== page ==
Jens Rasmussen

What the CitiStorage Property is Worth and Why No One In Their Right Mind Will Overpay for It

Press Release from Friends of Bushwick Inlet Park
June 9, 2016

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A recent press report noted that the “leading” estimate of the value of the CitiStorage property is $77-92 million dollars. The City just offered the owner Norman Brosdky $100,000,000 to turn it into parkland. Brodsky has not publicly indicated that he will accept that offer, but rather has floated several different valuations for the property over the past year ranging from $225-500 million. Like Donald Trump, his property’s value depends on how he feels when he gets up in the morning. Earlier this week, Brodsky was quoted saying that he could not close a $250 million dollar deal. He then turned around the same day and hired real estate firm Cushman & Wakefield to exclusively market the property as an office complex with a price tag of $300 million. So what’s the real value of the CitiStorage property? The answer is actually pretty simple and here’s why.

The CitiStorage property got designated – along with several conjoining properties on the City map – for parkland in 2005. That mapping was the culmination of approximately 20 years of community efforts to create a park at that location. The process got formalized in the Williamsburg 197-a Plan, and became official with the 2005 rezoning. Then, in 2009, something significant happened – the City acquired one of the parcels for the park in a condemnation proceeding. The 2009 acquisition is significant because it triggered a legal rule called “The Miller Doctrine.” The Miller Doctrine comes from a 1943 United States Supreme Court case, and holds that a property owner in a condemnation proceeding cannot profit from any increase in value to lands surrounding the condemned property. Another case after Miller ruled that the full force of the Miller Doctrine comes into effect for all parcels marked from condemnation when a city acquires the first of those parcels. So, when the City acquired the parcel for the soccer field and Bushwick Inlet Park building in 2009, the Miller Doctrine’s full force and effect came into play. The effect is that the CitiStorage property cannot be legally valued in a condemnation action as residential or commercial or anything but M-3 heavy industrial land — the cheapest land value we have in New York City.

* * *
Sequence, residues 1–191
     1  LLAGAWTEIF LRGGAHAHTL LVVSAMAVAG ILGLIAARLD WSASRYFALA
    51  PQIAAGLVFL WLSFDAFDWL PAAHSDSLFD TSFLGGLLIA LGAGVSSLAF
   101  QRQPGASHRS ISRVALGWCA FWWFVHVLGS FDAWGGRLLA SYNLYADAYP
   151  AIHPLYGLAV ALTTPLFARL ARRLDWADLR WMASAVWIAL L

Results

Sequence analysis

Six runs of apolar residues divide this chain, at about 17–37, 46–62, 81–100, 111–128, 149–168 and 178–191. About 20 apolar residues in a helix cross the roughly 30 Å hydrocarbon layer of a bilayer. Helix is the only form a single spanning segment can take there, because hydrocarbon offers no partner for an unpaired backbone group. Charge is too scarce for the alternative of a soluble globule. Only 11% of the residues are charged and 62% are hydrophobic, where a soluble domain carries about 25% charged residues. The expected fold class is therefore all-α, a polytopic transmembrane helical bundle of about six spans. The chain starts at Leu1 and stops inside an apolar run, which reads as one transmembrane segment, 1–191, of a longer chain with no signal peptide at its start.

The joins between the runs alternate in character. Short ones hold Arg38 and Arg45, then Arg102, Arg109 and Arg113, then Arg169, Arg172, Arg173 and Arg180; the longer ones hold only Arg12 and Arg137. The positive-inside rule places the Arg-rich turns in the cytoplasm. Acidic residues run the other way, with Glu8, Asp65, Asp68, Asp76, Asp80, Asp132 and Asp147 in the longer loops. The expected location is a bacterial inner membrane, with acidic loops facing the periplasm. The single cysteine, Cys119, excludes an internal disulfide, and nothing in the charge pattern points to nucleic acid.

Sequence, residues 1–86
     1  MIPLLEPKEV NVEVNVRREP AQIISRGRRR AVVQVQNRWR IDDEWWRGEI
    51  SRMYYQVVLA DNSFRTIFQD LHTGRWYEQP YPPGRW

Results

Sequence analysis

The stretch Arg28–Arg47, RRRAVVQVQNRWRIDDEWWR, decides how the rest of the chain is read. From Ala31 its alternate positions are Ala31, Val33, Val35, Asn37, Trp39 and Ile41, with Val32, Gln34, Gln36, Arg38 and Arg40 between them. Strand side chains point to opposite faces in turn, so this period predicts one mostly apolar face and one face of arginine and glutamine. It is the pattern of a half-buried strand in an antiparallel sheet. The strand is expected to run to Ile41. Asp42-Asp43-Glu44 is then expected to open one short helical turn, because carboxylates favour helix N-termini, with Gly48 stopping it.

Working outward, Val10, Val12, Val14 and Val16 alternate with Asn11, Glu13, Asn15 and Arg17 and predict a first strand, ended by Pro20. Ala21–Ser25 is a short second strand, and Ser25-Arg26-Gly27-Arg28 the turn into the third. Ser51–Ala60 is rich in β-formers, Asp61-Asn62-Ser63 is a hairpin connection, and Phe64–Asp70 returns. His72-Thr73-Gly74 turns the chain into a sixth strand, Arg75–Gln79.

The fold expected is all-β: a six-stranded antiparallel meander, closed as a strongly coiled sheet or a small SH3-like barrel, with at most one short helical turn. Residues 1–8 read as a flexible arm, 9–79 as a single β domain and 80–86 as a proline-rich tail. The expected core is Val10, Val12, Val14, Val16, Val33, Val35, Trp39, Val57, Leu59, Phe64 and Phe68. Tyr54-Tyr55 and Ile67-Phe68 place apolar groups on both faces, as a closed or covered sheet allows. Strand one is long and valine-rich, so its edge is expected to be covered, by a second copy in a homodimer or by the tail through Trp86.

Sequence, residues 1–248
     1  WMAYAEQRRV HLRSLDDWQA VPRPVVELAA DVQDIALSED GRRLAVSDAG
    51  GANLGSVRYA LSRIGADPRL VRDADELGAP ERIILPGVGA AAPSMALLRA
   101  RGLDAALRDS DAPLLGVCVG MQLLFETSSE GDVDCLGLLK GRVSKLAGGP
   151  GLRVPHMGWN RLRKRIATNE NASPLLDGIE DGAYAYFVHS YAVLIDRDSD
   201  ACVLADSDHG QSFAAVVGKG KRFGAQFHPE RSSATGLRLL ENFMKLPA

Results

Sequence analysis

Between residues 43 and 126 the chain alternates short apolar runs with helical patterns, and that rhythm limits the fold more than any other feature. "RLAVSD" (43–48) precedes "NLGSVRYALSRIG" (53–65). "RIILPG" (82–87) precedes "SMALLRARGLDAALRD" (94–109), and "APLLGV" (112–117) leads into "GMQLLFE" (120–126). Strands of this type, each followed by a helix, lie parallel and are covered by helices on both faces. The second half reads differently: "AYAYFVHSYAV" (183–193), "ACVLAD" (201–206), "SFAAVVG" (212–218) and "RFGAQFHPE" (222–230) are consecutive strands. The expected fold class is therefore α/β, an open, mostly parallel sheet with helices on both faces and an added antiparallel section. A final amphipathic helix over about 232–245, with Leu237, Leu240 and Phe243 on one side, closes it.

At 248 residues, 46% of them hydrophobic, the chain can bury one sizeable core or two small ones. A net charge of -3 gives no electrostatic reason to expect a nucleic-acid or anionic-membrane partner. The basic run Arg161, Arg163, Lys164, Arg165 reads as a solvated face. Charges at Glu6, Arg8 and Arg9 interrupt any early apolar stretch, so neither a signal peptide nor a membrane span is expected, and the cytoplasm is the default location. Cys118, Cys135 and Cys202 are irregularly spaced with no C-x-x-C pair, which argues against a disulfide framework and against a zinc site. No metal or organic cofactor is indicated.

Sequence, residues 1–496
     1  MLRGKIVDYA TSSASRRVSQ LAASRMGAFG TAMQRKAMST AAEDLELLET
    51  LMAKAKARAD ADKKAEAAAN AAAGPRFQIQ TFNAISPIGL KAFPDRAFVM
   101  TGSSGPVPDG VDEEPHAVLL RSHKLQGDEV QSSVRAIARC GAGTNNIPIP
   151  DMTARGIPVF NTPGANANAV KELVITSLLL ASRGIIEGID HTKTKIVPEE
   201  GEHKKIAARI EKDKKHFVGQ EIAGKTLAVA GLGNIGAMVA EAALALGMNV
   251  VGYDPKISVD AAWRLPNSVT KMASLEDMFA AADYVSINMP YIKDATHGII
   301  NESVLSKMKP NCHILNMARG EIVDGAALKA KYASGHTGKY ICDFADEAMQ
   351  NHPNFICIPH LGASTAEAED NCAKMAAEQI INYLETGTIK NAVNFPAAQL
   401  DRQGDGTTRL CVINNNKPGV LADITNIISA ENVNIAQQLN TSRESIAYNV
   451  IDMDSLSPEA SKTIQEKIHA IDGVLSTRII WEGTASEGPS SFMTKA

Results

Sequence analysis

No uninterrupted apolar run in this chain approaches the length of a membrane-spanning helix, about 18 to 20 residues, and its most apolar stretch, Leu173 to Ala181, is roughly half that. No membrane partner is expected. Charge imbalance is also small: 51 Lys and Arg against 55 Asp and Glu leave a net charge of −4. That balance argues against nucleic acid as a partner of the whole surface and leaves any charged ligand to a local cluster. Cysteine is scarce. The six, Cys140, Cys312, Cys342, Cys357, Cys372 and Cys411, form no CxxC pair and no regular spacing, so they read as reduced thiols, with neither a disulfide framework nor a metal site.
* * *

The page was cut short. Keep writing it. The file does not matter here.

The Miller Doctrine has one escape hatch. Where there is a reasonable probability that a parcel will get rezoned in a reasonable period of time, the property can be valued at a higher zoning designation. The courts interpret the reasonable period for a rezoning time frame as 3-5 years, but Mayor de Blasio and Councilman Levin have closed off that option by stating publicly that the property will not be rezoned. So the Citistorage property is M-3. Brodsky’s fantasy about winning Lotto with a residential valuation is not grounded in reality. That is why Brodsky is now marketing his property at its as-of-right zoning (M-3 heavy industrial uses), which can include office space and retail limited to ten thousand feet (i.e. no big box stores).